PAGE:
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To simplify based on the visual complexity of an expression (i.e. the complexity of the function as displayed in the notebook instead of the internal form, which in some cases may be substantially different), I've defined the following complexity function:

VisualComplexity:=(Count[ToBoxes[#], Except[" "|"("|")", _String], Infinity]&)

This works well on some simple examples, however not on the following:

FullSimplify[(-1+a)(-1+b) + Abs[c]^2 - Abs[d]^2,
             ComplexityFunction->VisualComplexity]
(*
==> 1 - a - b + a*b + Abs[c]^2 - Abs[d]^2
*)

What I had expected (and desired) would have been (1-a)(1-b) + Abs[c]^2 - Abs[d]^2. Note that with the built-in complexity function, it converts (1-a)(1-b) to (-1+a)(-1+b) in that context, so transforming between those two forms is definitely in the capabilities of FullSimplify.

Now my first thought was that maybe that's really less complex according to my complexity function (which would have meant tweaking that function). However, it turned out that the desired form indeed is computed to be less complex:

VisualComplexity /@ {1 - a - b + a*b + Abs[c]^2 - Abs[d]^2,
                     (1-a)(1-b) + Abs[c]^2 - Abs[d]^2}
(*
==> {20, 18}
*)

Therefore my question is: How do I get FullSimplify to generate the simpler form?

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3  
I don't know much about the internals of how this is calculated, but it could well be the case that the form with complexity 20 is a local minima in the expression transformation cost function, and all subsequent known transformations tend to increase the cost... it probably never gets to the form with 18 –  rm -rf May 10 '12 at 7:04
2  
@R.M: Thanks, that indeed seems to be the case. If I explicitly offer the desired transformation (TransformationFunctions->{Automatic, #/.(-1+x_)(-1+y_):>(1-x)(1-y)&}), I get the desired result. –  celtschk May 10 '12 at 7:27

1 Answer 1

up vote 5 down vote accepted

We can confirm that the desired form never gets tried, by viewing the expressions sent to the ComplexityFunction with Sow and Reap:

vc := (Count[ToBoxes[Sow@#], Except[" " | "(" | ")", _String], Infinity]) &

Union@Reap[FullSimplify[(-1 + a) (-1 + b), ComplexityFunction -> vc]][[2, 1]]
(*  {-1 + a, -1 + b, (-1 + a) (-1 + b), 1 - a + (-1 + a) b, 1 - a - b + a b}  *)

Therefore it seems that it will be essential to add to TransformationFunctions. First I tried generalising from the specific case given in your comment:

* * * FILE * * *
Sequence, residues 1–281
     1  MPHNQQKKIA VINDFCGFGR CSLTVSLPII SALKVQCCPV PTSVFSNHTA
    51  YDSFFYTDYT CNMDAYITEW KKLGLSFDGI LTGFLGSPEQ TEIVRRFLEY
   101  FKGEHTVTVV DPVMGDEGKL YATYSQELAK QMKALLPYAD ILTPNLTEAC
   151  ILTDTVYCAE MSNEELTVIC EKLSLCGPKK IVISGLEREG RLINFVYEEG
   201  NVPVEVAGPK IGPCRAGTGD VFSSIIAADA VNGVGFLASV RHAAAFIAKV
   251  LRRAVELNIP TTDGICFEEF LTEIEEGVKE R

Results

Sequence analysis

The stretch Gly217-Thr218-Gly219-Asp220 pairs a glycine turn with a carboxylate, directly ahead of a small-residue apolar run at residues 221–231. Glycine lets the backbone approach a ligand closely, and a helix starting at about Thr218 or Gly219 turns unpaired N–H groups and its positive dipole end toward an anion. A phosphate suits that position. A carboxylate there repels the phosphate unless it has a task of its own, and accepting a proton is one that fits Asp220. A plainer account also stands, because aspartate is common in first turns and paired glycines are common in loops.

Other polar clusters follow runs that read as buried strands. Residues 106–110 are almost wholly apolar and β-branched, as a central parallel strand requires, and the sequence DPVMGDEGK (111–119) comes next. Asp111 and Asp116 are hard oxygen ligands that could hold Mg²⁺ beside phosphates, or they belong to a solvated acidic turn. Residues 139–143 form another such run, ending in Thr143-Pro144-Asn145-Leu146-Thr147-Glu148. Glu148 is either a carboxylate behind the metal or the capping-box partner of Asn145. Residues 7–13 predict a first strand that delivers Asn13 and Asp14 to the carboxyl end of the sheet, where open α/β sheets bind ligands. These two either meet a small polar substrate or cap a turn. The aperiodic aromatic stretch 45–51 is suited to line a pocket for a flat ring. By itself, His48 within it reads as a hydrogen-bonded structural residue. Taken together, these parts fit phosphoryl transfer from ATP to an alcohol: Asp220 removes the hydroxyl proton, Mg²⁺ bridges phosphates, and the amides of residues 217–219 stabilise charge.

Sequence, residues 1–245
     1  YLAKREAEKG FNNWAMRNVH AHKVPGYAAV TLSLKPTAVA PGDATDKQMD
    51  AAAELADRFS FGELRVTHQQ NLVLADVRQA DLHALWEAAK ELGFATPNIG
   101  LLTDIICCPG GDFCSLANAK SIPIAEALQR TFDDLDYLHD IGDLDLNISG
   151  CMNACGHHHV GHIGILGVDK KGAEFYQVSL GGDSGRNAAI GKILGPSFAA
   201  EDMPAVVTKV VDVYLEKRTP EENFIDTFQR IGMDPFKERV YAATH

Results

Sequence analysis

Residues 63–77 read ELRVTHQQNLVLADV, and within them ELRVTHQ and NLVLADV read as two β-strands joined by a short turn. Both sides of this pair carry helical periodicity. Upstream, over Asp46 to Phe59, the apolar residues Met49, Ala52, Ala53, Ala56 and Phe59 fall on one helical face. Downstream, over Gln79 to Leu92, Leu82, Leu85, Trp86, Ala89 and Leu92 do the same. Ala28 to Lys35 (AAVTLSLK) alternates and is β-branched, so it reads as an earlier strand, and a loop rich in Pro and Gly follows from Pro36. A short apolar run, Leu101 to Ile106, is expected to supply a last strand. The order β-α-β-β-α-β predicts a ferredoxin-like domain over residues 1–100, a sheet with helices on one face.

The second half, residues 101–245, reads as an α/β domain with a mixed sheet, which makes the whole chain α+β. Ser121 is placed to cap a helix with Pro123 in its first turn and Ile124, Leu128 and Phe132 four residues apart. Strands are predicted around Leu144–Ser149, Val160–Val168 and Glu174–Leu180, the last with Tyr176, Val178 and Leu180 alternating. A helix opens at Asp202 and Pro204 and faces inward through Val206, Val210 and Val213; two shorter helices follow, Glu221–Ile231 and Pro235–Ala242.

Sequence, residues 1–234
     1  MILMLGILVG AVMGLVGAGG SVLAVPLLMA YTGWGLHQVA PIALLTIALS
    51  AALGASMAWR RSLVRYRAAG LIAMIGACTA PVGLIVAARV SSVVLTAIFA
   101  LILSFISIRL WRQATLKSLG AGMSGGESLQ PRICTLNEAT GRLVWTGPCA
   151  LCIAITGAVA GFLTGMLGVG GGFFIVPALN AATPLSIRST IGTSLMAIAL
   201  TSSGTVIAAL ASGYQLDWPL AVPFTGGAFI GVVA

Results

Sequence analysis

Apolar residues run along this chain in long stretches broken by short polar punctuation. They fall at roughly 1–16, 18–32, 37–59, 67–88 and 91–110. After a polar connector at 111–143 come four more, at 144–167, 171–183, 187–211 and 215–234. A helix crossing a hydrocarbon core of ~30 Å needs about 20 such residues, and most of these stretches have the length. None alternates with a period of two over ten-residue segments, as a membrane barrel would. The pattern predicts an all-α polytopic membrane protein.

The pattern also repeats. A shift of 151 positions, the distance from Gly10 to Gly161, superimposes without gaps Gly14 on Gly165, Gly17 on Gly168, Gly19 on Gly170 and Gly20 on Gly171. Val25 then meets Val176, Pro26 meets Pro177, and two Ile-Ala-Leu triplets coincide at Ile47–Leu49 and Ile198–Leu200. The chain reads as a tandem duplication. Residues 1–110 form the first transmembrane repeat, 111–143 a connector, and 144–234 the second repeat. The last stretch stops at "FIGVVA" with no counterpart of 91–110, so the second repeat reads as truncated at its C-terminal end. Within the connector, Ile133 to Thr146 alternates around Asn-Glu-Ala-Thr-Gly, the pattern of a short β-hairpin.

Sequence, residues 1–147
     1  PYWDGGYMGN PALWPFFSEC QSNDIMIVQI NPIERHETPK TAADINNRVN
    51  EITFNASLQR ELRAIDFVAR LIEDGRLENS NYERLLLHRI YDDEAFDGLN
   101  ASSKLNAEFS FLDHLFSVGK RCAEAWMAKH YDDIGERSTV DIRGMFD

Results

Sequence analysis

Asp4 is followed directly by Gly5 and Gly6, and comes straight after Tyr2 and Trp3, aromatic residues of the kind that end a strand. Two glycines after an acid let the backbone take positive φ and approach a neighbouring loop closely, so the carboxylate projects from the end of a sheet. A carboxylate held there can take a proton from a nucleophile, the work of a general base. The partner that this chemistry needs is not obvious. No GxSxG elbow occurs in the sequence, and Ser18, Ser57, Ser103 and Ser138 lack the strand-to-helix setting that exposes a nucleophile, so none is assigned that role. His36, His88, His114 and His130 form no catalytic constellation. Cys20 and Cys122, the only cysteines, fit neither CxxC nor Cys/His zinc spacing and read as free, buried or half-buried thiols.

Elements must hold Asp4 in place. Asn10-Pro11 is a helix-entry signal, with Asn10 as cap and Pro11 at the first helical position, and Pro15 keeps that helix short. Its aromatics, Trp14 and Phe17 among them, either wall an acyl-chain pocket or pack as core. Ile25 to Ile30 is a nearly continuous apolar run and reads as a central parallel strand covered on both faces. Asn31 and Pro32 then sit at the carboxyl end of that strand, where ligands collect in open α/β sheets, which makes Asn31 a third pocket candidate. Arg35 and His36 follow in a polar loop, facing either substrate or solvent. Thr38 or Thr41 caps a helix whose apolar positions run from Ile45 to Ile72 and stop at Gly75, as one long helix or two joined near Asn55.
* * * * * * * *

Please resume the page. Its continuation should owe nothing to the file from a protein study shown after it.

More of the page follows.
tf = {Automatic, # /. (x_ + a__) (y_ + b__) :> (-x - a) (-y - b) &};
SetOptions[FullSimplify, ComplexityFunction -> vc, TransformationFunctions -> tf];

FullSimplify[expr]
(*  (1 - a) (1 - b)  *)

Unfortunately this fails in certain cases, because ReplaceAll makes the first replacement it finds, which might happen to be one that doesn't decrease the complexity measure:

(* this doesn't work *)
FullSimplify[(a - b) (-1 + c) (-1 + d)]
(*  (a - b) (-1 + c) (-1 + d)  *)

(* but this does *)
FullSimplify[(-1 + c) (-1 + d) (e-f)]
(*  (1 - c) (1 - d) (e - f)  *)

Since it is problematic to find the correct pairs of terms to negate, my next approach was to convert all forms like (-1+a) into -(1-a), but in such a way that the complexity function would ignore the overall multiplier of -1 (and therefore prefer the latter form).

tf = {Automatic, $minusone (-#) &};
vc := (Count[ToBoxes[#], Except["$minusone" | " " | "(" | ")", _String], Infinity]) &
$minusone /: $minusone^2 = 1;
$minusone /: x_ + $minusone = x - 1;

specialSimplify[x_] := 
FullSimplify[x, ComplexityFunction -> vc, TransformationFunctions -> tf] /. $minusone -> -1

specialSimplify tries negating expressions and tests whether this decreases their complexity measure. The overall sign of the expression is kept correct by the symbol $minusone which is ignored by the complexity function. $minusone squared is converted to 1, and $minusone when it appears as part of a sum is converted back to -1. Any residual $minusone at the end of the simplification is converted back to -1.

This seems to well enough on toy examples, though I haven't tested it thoroughly. Note that in the last example specialSimplify prefers to have an overall minus sign than an expression like (-a+b)

specialSimplify[(-1 + a) (-1 + b)]
(*  (1 - a) (1 - b)  *)

specialSimplify[(a - b) (-1 + c) (-1 + d)]
(*  (a - b) (1 - c) (1 - d)  *)

specialSimplify[(b - a) (-1 + c) (-1 + d)]
(*  -(a - b) (1 - c) (1 - d)  *)
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Thank you for this quite thorough analysis. –  celtschk Aug 31 '12 at 9:18

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